What matters to you? Engaging with children in the James Lind Alliance Children's Cancer Priority Setting Partnership

James Lind Alliance Children’s Cancer Priority Setting Partnership Steering Group

Research output: Contribution to journalArticlepeer-review


BACKGROUND: Previous priority setting exercises have sought to involve children, but in the final reporting, it is evident that few children had been engaged through the process. A primary aim in the Children's Cancer Priority Setting Partnership was to find out from children what they want research to focus on. We report on our experience to inform methods of engagement with children in future James Lind Alliance Priority Setting Partnerships and similar exercises.

METHODS: We followed the James Lind Alliance process, collecting and shortlisting questions via online surveys with adult survivors of childhood cancer, carers, and professionals, and holding a final workshop. Alongside this, a parallel process to collect and prioritise questions from children was undertaken. We created animations for parents/carers to explain the project and surveys to children, gathered questions via online surveys and held a workshop with children to identify their priorities.

RESULTS: Sixty-one children and young people with cancer and 10 siblings, aged 3-21 years, submitted 252 potential questions/topics via the surveys. Submissions were refined into 24 summary questions. These questions were discussed at a workshop with eight children; they also added more questions on topics of importance to them. Workshop participants prioritised the Top 5 questions; top priority was, 'How can we make being in hospital a better experience for children and young people? (like having better food, internet, toys, and open visiting so other family members can be more involved in the child's care)'. The Top 5 also included cancer prevention, treatments closer to home, early diagnosis, and emotional support. These questions were taken to the final workshop at which the Top 10 priorities were decided, all five children's priorities were reflected in the final Top 10.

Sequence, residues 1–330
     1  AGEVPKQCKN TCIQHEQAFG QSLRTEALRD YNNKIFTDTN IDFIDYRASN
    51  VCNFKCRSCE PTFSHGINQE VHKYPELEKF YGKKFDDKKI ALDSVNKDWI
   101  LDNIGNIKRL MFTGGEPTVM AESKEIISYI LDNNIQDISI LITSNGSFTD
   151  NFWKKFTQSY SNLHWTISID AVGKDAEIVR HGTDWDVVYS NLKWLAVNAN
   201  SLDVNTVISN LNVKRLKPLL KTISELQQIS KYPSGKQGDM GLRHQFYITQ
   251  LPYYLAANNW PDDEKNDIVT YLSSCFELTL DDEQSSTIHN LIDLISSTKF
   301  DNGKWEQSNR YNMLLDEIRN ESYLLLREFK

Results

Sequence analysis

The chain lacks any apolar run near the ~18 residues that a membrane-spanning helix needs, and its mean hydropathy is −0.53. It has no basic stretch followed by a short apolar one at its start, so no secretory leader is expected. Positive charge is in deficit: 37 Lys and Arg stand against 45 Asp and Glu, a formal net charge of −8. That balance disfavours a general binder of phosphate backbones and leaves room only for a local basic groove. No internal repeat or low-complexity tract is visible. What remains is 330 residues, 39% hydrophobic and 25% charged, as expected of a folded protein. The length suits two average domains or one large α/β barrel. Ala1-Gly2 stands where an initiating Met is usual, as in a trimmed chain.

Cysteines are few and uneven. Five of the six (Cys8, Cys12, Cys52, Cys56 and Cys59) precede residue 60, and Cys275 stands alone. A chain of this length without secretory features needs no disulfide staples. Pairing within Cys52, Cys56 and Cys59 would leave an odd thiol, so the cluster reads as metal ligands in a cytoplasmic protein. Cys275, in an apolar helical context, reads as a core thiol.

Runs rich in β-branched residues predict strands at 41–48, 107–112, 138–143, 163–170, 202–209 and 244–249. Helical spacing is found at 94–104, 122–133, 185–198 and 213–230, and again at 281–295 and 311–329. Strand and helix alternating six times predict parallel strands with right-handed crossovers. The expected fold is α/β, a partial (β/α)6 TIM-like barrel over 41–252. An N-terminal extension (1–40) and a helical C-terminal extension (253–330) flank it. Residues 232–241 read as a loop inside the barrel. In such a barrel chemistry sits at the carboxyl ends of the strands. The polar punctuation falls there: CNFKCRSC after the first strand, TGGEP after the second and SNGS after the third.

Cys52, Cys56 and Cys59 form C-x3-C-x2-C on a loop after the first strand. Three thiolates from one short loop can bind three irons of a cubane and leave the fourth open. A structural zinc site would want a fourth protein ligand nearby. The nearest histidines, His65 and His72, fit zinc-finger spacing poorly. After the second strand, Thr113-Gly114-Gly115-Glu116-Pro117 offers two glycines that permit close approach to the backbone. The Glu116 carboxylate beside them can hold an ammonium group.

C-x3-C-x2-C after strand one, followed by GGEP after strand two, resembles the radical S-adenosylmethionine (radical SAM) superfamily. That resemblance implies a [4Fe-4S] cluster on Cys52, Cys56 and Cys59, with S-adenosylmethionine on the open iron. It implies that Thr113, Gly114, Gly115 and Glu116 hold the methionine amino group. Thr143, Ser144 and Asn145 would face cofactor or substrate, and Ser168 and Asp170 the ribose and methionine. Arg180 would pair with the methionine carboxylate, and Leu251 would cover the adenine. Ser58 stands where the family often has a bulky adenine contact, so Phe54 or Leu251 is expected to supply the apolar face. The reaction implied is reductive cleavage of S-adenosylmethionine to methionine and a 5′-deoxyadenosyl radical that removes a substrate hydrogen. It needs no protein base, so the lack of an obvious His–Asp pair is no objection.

CONCLUSIONS: We have demonstrated that it is possible to successfully involve children directly in setting priorities for future research. Future priority setting exercises on topics relevant to children, should seek to include their views. The Children's Cancer Top 10 priorities reflect the voices of children and should inform the funding of future research.

Original languageEnglish
Article number110
Number of pages16
JournalResearch involvement and engagement
Issue number1
Publication statusPublished - 30 Nov 2023

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© 2023. The Author(s).

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